Editor’s Choice: Vocal & Choral, July 2015
Like the greatest innovators, poet and composer Guillaume Machaut (c. 1300-1377) was thoroughly versed in the language of past masters. One of the chief representatives of the medieval Ars nova and the latter-day trouvères, and renowned in his day and beyond, Machaut wove tales of courtly love, whose roots are in antiquity, with new-spun threads of startling melodic, rhythmic and harmonic originality.
Decades of recordings by the Clemencic Consort, the Deller Consort and the like have in recent times immeasurably enhanced a contemporary reputation which still rests chiefly on one work, the brilliant and innovative Messe de Nostre Dame. Formed in 1988, the one-to-a-part male Orlando Consort stands with the Hilliard Ensemble in making a unique contribution to the on-going conversation with Machaut’s timeless music, of which this second volume in their complete edition for Hyperion.
Where their first volume focused on the nine songs from Machaut’s masterpiece Le Voir Dit, The Dart of Love contains representatives from four genres favoured by Machaut: the ballade, the rondeau, the virelai and the motet. Availing themselves of the new performing edition The Complete Works of Guillaume de Machaut, countertenor Matthew Venner, tenors Mark Dobell and Angus Smith and baritone Donald Greig perform these works with matchless purity of tone, clarity of diction and a supple expressiveness apposite to the courtly surface and erotic undertones of the poetry.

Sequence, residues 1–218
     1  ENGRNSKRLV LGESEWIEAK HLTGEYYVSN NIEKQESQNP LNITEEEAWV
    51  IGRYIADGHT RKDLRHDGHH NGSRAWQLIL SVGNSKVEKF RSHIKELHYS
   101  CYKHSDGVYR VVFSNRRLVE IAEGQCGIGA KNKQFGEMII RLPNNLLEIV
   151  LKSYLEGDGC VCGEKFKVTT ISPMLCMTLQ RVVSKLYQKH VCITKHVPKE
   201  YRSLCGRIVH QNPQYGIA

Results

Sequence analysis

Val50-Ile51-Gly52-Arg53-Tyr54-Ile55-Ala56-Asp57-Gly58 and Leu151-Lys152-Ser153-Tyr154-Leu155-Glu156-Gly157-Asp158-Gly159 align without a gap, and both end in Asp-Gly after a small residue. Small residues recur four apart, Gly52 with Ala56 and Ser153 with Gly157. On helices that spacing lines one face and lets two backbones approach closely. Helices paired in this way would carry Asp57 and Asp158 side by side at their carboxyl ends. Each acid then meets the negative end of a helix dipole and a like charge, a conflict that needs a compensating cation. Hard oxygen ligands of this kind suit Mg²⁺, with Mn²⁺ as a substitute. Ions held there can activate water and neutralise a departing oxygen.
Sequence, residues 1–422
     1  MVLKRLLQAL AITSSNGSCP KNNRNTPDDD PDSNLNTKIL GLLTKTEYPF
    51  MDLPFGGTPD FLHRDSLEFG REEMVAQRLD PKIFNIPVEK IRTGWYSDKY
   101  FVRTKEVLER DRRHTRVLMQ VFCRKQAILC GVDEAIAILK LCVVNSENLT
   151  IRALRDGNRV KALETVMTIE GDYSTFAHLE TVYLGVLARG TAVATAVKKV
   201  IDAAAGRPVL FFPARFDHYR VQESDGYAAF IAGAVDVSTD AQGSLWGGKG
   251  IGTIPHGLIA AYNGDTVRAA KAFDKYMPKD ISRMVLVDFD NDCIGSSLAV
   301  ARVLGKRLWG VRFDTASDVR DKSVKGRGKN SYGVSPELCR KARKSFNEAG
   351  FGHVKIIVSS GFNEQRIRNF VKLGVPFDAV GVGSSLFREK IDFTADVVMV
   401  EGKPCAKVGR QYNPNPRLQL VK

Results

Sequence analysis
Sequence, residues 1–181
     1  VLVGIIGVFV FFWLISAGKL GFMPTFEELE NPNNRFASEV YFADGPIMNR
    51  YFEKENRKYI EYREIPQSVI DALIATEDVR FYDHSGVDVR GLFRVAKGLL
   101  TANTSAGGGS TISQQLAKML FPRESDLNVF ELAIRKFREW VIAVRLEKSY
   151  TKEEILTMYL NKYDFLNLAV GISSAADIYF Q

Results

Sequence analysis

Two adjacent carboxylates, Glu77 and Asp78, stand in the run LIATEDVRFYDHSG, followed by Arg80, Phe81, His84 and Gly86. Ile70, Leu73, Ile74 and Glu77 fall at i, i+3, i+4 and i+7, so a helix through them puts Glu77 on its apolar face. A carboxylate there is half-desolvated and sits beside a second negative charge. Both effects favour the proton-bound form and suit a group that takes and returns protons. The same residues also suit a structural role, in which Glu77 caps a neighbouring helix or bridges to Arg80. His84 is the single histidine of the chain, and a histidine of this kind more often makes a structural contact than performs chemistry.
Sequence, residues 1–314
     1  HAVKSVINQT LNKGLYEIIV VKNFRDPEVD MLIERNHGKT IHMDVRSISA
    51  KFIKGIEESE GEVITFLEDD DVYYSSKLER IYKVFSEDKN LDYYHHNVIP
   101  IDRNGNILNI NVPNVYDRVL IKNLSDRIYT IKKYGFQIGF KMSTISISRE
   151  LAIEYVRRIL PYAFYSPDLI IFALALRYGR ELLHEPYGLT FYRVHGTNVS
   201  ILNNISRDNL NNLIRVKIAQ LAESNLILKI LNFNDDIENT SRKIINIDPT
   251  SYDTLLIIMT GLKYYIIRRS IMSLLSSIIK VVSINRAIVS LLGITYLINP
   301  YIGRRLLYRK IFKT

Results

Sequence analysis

“Orlando Consort perform these works with matchless purity of tone and clarity of diction”
This is as evident in works where three different texts are sung simultaneously – the motet Quant en moy/Amour et biauté parfaite/Amara valde or the canonic ballade Sans cuer, m’en vois/Amis dolens/Dame, par vous – as it is in a rondeau like the ravishingly melismatic Rose, lis, printemps, verdure and the disarmingly simple virelai for solo voice, Ay me, dame de valour.
Borrowings and influences are fascinatingly explored in such works as the two-voice ballade Pour ce que tous mes chans fais, which relies on material from the opening of a chace possibly written by Denis Le Grant (included on the recording for comparison). But it is perhaps the way in which Orlando Consort shades less ambiguously erotic works such as S’Amours ne fait par sa grace adoucir, in which the lover languishes painfully “until death comes” before his immovable beloved, with a plaintive stoicism, that will stay longest in the listener’s memory.